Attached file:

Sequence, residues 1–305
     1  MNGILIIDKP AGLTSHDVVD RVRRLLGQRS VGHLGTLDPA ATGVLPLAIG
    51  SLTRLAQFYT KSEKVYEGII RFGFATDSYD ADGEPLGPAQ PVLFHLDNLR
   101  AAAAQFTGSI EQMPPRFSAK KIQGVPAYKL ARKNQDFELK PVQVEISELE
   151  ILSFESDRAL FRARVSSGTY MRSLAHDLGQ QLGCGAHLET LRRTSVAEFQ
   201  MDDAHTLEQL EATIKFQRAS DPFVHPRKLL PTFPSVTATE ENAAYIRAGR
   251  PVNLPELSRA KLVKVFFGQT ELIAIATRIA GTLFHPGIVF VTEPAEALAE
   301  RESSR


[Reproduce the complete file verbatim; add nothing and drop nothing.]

Sequence, residues 1–305
     1  MNGILIIDKP AGLTSHDVVD RVRRLLGQRS VGHLGTLDPA ATGVLPLAIG
    51  SLTRLAQFYT KSEKVYEGII RFGFATDSYD ADGEPLGPAQ PVLFHLDNLR
   101  AAAAQFTGSI EQMPPRFSAK KIQGVPAYKL ARKNQDFELK PVQVEISELE
   151  ILSFESDRAL FRARVSSGTY MRSLAHDLGQ QLGCGAHLET LRRTSVAEFQ
   201  MDDAHTLEQL EATIKFQRAS DPFVHPRKLL PTFPSVTATE ENAAYIRAGR
   251  PVNLPELSRA KLVKVFFGQT ELIAIATRIA GTLFHPGIVF VTEPAEALAE
   301  RESSR